I thought thought the politically correct phrase was "Deaf as a Bat" or maybe "Deaf as a Post."

Where the hell is Garrett Morris? He wouldn't charge as much, I'm sure.

Re:friendly heads up RE "hearing impaired" (5, Funny)

CubicleZombie (2590497) | more than 2 years ago | (#39453501)

"Hearing impaired" is not the preferred phrase

Yeah, it should be HEARING IMPAIRED!!!!!

Re:friendly heads up RE "hearing impaired" (3, Funny)

courteaudotbiz (1191083) | more than 2 years ago | (#39453855)

WHAT???

Re:friendly heads up RE "hearing impaired" (0)

Anonymous Coward | more than 2 years ago | (#39453543)

I'm representative of a small clutch of minority groups - the least of my less mainstream characteristics is that I'm lesbian. I actually find it hard to keep track of the correct nomenclature to describe myself and what's more, I find that it varies according to the relevant social cliques. I'm entirely happy as long as the person I'm talking with isn't insensitive or a bigoted douchebag. Finding exact phrases to fit one's important little places seems to be an exercise in self-absorbed futility, especially given the nature of euphemism thrash. See the word 'gay', for example.

Re:friendly heads up RE "hearing impaired" (1)

Reverand Dave (1959652) | more than 2 years ago | (#39453907)

My wife says I'm hearing impaired, at least I think so, I wasn't really listen to her.

No wait, here's an update from the newsroom (0)

Anonymous Coward | more than 2 years ago | (#39453969)

The new politically correct term for all the people who keep telling us to use politically correct terms is:

Nigger.

Yeah I know, strange and perhaps bothersome to some, but there's nothing we can do. Now back to our Asian-American reporter Trisha Takanawa.

Trisha: Thanks Nigger. Today in Quahog...

Re:friendly heads up RE "hearing impaired" (0)

Anonymous Coward | more than 2 years ago | (#39454977)

interesting.

From that site:

For many people, the words “deaf” and “hard of hearing” are not negative. Instead, the term “hearing-impaired” is viewed as negative. The term focuses on what people can’t do. It establishes the standard as “hearing” and anything different as “impaired,” or substandard, hindered, or damaged. It implies that something is not as it should be and ought to be fixed if possible. To be fair, this is probably not what people intended to convey by the term “hearing impaired.”

Humm.. but how is that different from "hard of hearing" which also implies something is not quite 100% ? I honestly don't see how "hearing impaired" is worse than "hard of hearing"...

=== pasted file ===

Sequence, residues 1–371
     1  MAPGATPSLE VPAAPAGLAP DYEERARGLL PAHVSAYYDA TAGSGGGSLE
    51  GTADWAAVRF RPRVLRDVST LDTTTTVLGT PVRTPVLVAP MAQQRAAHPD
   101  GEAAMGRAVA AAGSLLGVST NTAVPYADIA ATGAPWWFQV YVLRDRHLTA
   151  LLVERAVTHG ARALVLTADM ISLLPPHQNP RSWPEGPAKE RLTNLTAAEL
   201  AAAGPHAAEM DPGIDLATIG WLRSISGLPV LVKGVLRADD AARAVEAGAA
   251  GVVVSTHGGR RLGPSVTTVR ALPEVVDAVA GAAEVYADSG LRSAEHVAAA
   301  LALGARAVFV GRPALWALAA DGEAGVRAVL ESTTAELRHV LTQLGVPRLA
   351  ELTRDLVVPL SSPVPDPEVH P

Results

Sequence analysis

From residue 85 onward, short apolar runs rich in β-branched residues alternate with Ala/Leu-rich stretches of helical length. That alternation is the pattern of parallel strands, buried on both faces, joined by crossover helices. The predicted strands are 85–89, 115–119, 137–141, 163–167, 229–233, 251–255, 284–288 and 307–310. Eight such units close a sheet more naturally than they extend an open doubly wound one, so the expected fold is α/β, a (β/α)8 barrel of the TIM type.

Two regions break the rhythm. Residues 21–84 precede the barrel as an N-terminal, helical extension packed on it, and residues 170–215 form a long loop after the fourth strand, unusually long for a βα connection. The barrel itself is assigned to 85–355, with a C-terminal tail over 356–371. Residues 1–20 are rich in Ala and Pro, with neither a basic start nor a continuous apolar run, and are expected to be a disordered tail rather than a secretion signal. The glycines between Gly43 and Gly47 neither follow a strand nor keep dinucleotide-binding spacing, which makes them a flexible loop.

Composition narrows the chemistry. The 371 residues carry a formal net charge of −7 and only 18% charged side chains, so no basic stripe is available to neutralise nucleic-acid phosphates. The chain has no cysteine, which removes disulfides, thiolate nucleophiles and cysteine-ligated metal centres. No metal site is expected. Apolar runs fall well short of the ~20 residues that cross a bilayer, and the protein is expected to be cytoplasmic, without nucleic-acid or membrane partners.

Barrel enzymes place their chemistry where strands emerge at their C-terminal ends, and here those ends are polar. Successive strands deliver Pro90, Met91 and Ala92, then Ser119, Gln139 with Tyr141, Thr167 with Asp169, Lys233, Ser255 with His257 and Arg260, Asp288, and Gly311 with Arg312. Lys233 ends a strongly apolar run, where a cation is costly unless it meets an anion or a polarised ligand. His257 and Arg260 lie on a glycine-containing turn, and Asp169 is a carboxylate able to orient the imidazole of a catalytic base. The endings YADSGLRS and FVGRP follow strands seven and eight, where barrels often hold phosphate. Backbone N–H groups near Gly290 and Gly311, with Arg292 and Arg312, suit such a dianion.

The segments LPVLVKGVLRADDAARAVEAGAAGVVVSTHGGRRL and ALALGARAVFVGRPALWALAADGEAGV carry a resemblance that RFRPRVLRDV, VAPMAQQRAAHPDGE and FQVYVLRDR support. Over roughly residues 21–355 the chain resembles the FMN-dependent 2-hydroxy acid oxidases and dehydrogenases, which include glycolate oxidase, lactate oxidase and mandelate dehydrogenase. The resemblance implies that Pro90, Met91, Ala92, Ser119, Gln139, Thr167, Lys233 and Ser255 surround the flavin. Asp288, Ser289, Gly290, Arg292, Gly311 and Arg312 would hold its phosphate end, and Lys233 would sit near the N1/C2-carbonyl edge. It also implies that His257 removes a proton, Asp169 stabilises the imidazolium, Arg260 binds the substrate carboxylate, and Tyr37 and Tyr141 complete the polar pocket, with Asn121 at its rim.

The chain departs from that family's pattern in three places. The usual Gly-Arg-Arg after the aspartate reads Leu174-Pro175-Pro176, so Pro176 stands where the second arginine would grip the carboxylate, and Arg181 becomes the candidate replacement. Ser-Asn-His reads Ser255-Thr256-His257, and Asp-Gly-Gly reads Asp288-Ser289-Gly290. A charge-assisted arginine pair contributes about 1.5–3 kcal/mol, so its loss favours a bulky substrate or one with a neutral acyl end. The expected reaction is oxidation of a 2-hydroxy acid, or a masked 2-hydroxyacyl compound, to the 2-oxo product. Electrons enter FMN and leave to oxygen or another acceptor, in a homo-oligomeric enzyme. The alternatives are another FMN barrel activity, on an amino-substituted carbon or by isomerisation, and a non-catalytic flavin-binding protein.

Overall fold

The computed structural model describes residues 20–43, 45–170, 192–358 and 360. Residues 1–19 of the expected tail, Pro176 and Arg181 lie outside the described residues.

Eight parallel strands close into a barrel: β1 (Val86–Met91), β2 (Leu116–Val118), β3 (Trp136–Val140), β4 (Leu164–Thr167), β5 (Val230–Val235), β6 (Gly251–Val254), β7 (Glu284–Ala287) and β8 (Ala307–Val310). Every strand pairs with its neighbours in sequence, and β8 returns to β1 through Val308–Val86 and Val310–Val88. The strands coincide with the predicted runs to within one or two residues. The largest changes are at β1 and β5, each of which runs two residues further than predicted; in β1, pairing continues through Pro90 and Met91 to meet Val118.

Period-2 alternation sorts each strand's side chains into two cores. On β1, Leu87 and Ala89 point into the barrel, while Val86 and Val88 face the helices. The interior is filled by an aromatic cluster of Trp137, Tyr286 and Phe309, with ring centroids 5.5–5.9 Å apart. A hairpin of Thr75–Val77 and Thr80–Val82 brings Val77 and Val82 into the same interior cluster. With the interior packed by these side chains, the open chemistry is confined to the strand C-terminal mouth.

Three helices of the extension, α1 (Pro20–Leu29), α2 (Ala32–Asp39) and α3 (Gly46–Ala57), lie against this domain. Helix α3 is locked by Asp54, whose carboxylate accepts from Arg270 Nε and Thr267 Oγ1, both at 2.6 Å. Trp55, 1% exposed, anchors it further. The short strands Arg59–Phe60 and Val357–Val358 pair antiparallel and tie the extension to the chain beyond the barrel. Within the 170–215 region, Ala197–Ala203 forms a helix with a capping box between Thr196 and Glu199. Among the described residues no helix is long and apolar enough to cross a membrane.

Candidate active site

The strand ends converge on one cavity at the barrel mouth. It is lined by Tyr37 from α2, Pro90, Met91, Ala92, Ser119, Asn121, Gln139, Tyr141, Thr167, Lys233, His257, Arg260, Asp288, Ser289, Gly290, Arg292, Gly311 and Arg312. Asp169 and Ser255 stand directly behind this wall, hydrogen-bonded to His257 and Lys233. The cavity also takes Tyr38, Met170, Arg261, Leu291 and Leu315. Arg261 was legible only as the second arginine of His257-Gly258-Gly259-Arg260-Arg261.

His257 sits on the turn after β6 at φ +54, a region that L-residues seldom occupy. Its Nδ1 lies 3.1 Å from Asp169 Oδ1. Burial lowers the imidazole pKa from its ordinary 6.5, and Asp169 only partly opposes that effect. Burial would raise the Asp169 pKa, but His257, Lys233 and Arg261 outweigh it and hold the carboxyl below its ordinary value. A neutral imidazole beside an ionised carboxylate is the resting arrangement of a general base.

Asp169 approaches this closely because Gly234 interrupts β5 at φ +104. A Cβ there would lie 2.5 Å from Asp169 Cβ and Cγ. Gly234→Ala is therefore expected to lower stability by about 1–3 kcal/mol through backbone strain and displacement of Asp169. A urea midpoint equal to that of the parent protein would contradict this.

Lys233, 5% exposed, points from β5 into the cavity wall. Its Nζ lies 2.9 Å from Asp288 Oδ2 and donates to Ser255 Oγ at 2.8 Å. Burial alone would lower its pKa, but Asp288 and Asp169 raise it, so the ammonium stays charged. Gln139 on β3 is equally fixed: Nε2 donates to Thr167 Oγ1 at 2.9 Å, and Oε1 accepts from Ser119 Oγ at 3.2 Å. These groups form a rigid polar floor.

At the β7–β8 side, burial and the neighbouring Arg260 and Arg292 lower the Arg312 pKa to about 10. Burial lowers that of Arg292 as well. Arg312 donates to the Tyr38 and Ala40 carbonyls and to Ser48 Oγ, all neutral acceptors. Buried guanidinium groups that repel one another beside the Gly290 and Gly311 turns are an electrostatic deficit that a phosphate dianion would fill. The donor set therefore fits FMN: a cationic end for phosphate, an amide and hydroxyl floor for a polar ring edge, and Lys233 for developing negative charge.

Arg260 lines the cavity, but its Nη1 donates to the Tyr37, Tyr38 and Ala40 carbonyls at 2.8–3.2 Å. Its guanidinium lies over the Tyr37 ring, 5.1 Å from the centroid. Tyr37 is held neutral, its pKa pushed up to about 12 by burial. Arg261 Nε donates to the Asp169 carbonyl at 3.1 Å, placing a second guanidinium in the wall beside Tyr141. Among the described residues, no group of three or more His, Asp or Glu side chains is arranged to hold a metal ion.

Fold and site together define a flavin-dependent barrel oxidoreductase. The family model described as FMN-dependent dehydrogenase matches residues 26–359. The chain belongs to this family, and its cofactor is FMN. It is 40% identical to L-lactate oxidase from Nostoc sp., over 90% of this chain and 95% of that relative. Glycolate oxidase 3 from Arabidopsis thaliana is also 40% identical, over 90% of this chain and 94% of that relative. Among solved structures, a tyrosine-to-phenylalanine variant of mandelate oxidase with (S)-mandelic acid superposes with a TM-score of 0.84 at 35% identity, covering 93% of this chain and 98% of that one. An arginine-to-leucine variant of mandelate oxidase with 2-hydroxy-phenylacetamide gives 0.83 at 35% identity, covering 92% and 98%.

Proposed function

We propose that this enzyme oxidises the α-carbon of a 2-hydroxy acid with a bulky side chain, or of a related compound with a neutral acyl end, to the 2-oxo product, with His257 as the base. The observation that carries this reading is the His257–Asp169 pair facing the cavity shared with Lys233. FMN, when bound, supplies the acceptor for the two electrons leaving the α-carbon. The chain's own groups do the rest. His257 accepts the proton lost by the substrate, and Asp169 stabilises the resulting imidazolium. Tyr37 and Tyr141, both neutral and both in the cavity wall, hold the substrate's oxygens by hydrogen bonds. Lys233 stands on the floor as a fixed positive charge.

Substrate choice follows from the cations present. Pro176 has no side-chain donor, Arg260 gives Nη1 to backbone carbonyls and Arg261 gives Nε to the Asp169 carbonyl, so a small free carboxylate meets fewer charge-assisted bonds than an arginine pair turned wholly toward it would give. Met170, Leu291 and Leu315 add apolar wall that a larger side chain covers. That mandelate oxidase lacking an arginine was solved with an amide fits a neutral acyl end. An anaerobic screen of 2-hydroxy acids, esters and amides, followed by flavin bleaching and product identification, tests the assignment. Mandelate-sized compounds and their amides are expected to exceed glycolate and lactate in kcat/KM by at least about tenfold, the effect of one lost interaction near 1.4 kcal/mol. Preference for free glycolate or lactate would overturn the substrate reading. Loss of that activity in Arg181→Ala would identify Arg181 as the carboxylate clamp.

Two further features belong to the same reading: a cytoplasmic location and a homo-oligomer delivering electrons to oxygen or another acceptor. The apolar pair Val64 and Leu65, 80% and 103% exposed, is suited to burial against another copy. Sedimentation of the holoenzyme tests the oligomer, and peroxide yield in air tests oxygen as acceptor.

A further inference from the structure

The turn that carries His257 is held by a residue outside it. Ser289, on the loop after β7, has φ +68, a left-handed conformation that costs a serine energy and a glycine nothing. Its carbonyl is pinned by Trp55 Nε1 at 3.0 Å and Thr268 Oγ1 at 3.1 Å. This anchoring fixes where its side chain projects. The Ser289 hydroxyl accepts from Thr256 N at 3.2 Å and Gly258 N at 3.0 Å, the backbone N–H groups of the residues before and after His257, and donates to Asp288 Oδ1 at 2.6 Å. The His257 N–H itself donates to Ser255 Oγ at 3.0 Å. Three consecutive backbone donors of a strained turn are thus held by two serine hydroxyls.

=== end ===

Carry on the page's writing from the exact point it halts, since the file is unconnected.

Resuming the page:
I was getting these calls in 2002 (5, Interesting)

rickb928 (945187) | more than 2 years ago | (#39453253)

Back then, it was the Sprint relay service. Callers would want to buy a dozen flat panel monitors, and offer a credit card and U.S. shipping address. Card was usually bogus, but sometimes not. We accepted a few orders but when the card would not approve we just dumped them - and callers would call back to order huge quantities of more expensive gear. We actually started refusing these calls from Sprint outright, got threatened with an ADA suit, and then magically they all stopped. I wonder if Sprint figured it out, or if the clan just moved on. Our defense against the ADA complaint was that we did not do business with foreign customers, no matter the shipping address. Part of this scam was to delay the shipments, dispute the charges, get refunded, and the merchandise is gone. Card goes bad, no one to complain to, and merchants usually have no recourse with the issuer or banks. You're just out the money AND the merchandise. We didn't happen to lose a dollar, but they probably managed to nick someone.

Nice work though, AT&T being the disinterested third party for profit.

Now can we start looking into how the Universal Service Find is being hijacked to try and build the rural Internet where no provider seems willing to do so as in some cases legally required? Noooo... but crony capitalism is flourishing, thanks to the few remaining taxpayers.

Feh.

Re:I was getting these calls in 2002 (2)

MickyTheIdiot (1032226) | more than 2 years ago | (#39453585)

In the mid-90s I sometimes had to handle dial-up tech support through a relay.

I felt sad for the operators. I had some where I had to give bad news to the caller that ended with the operator having to say something like "Fuck you." Again, adding anonymous to any conversation involves the "unified fuckwad theory."

This is another reason phone based tech support is the worst job in the industry.

Re:I was getting these calls in 2002 (1)

Camel Pilot (78781) | more than 2 years ago | (#39453589)

Yeah I also received these calls... for puppies. I kid you not we had a litter of Boston Terrier puppies for sale in the local paper and they would call through an interpreter wanting to buy the whole litter to be sent to somewhere in Texas to an alleged Petroleum Engineer. After a few calls I smelled something fishy and told them to take a hike... only to receive another hearing- and speech-impaired call with a different story a day later.

       

Re:I was getting these calls in 2002 (1)

Reverand Dave (1959652) | more than 2 years ago | (#39453949)

I had the same thing happen to me for a little of Dachshunds

Re:I was getting these calls in 2002 (1)

beltsbear (2489652) | more than 2 years ago | (#39453633)